The Empennage – Trim Devices • Some planes use small pieces of surfaces attached to the control surfaces mentioned above. These are generally called trim devices. (Fig 2-10) • Trim devices exploit aerodynamic force of the air to adjust the workload needed to move the other control surfaces or to maintain those surfaces at a desired position.
The Empennage – Trim Devices • An example of trim devices is the trim tab which is attached at the tail edge of the elevator and is commonly used in many training planes. It lessens the air resistance the pilot feels when moving the elevator. • Another example is the trim used in a stabilator to provide more resistant feel so that the control feels more like that of an elevator.
Landing Gear • The landing gear absorbs the shock upon landing and supports the plane on the ground. • Typically the landing gear consists of three wheels – two main wheels on either side of the fuselage, and a third wheel either at the front or at the rear. Landing gear using a rear wheel is called a conventional landing gear and a plane using conventional landing gear is called a tailwheel airplane. (Fig 2-11)
Landing Gear - Nosewheel • When the third wheel is located at the front it is called a nosewheel. Most modern plane uses this design. (Fig 2-12) • Nosewheels are either steerable or castering. • Steerable nosewheels are connected to the rudder through cables and rods while castering nosewheels are not.
Landing Gear - nosewheels • The pilot steers the plane using the rudder pedals in both types of nosewheels. • If the nosewheel is of the steerable type, pushing the left rudder forward will turn that wheel to the left, thus turning the plane left while taxiing • If the nosewheel is of the castering type the pilot may have to combine the use of the rudder pedals with independent use of the brakes (pushing the rudder downwards) on the main wheels, particularly on tight turns.
Landing Gear – Fixed or Retractable • Landing gears can be classified as either fixed or retractable depending whether the landing gear can be retracted or not. • Fixed gear always remains extended. • The advantage is simplicity and low cost. • The disadvantage is having more air resistance. • Retractable gear is designed to streamline the airplane to reduce friction. • The disadvantage is increased weight and cost. It is normally used only in high performance planes.
Landing Gear – Water Operation • Long time ago, before runways were available, planes took off and descended over water. • Nowadays many landplanes are still fitted with twin floats that support them on water for use in remote areas where runways or even long strip of land are not available. These type of airplanes are referred to as seaplanes.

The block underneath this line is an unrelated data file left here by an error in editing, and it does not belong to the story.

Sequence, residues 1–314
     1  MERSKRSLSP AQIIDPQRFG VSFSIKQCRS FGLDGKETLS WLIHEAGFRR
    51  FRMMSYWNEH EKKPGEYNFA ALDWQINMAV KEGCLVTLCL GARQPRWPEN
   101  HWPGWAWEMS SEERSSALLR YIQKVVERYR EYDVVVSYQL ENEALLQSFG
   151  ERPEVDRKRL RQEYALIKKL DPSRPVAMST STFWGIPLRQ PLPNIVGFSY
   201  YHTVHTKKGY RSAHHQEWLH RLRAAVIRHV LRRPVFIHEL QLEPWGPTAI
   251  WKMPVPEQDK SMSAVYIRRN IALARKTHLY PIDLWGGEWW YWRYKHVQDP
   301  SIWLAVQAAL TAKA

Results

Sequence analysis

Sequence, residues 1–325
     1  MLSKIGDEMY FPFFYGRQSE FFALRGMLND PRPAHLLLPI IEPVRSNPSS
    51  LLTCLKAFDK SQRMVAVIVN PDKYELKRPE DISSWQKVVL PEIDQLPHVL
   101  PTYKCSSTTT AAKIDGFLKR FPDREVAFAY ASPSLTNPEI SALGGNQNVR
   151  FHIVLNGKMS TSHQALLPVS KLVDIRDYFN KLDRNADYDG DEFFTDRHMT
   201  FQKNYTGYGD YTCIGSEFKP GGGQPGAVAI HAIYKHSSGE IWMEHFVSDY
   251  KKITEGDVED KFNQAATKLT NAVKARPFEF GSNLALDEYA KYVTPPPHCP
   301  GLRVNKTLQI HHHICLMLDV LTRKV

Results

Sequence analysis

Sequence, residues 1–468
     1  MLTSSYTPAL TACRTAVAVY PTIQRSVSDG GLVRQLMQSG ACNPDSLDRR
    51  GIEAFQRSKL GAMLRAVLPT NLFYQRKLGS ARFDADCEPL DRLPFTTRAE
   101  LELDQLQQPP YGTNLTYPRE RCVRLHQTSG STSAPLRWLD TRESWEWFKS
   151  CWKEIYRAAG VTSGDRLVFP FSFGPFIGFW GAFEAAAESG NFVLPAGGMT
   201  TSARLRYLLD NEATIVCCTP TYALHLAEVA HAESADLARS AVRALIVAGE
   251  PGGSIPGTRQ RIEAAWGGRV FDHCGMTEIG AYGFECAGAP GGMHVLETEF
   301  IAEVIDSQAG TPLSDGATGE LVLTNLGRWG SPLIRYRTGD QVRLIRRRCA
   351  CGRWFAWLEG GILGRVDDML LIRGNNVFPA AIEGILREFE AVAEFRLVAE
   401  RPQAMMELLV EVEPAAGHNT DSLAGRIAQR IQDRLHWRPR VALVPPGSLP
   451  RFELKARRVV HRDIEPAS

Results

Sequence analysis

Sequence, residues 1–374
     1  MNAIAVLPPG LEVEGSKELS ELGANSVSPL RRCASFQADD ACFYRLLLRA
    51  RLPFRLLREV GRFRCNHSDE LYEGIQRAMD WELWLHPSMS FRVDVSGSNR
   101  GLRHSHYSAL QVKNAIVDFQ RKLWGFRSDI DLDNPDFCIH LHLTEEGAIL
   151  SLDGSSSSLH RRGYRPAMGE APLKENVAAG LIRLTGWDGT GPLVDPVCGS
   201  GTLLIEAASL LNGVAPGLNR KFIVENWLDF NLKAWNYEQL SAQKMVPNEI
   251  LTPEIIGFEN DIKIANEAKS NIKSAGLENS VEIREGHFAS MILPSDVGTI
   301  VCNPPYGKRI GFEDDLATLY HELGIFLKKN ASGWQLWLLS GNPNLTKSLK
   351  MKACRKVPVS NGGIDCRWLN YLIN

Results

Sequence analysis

Landing Gear – Water Operation • Some airplanes can be operated both on land and on sea, and are called an amphibian. • Amphibian planes have the fuselage designed like a boat, with floats attached to the wings to increase support during water operations. They use retractable wheels for land operations.
Landing Gear Struts • The wheels are attached to the fuselage through struts, which reduce the sudden shocks during landing or taxiing on rough grounds. • Spring steel and bungee struts do not actually absorb shocks but reduce their suddenness. (Fig. 2-14) • Most planes nowadays use oleo struts which are true shock absorbers. • An oleo strut uses a piston enclosed in a cylinder with oil and compressed air to absorb the shock. (Fig. 2-15)
Brakes • Typical training planes use disc brakes on the main wheels • Equal pressure can be applied to the two brakes simultaneously by pressing (downwards) equally on the top of each rudder pedal, in order to slow down the plane in a straight line. • The brakes can also be applied to varying degrees independent of each other. This would help steer the plane during ground operation. This technique is called differential braking.
The Powerplant • In small planes the powerplant consists of the engine and the propeller. • The engine provides the power to turn the propeller, which in turn, provides the thrust to move the plane through the air. • The engine is enclosed by a cowling, which, in addition to provide streamlining for the nose, helps cool the engine by ducting outside air around the engine cylinders. (Fig. 2-18)
POH, AFM, and PIM • Most of the pertinent information about a particular plane in contained by the Pilot’s Operation Handbook (POH) provided by the plane’s manufacturer. The format of POH for all planes are standardized. • The Federal Aviation Administration (FAA) requires that all planes built after March 1, 1979 be equipped with an FAA approved airplane flight manual (AFM) which is specifically assigned to the individual airplane. • The FAA requires that the AFM for each plane be accessible by the pilot all the time when operating that plane.
POH, AFM, and PIM • To compile with the FAA’s requirement manufacturers then write their POH just like the AFM. • The POH/AFM has to stay with the plane all the time during operation and is therefore not available to others to review for a lengthy period of time. As a result the manufacturer also publish a pilot’s information manual (PIM). • The PIM contains the same information as the POH/AFM except for precise weight and balance data and optional equipment specific to the particular plane.
Contents of AFM – 10 Sections • General – basic information & terminology • Limitations – includes operating limitations • Emergency procedures • Normal procedures • Performance • Weight and balance • Airplane and system description • Handling, Service and maintenance • Supplements • Safety and operational tips
Summary • An airplane generally contains the following: • Fuselage • Wings • Empennage • Landing gear • Powerplant • Airplane flight manual (AFM)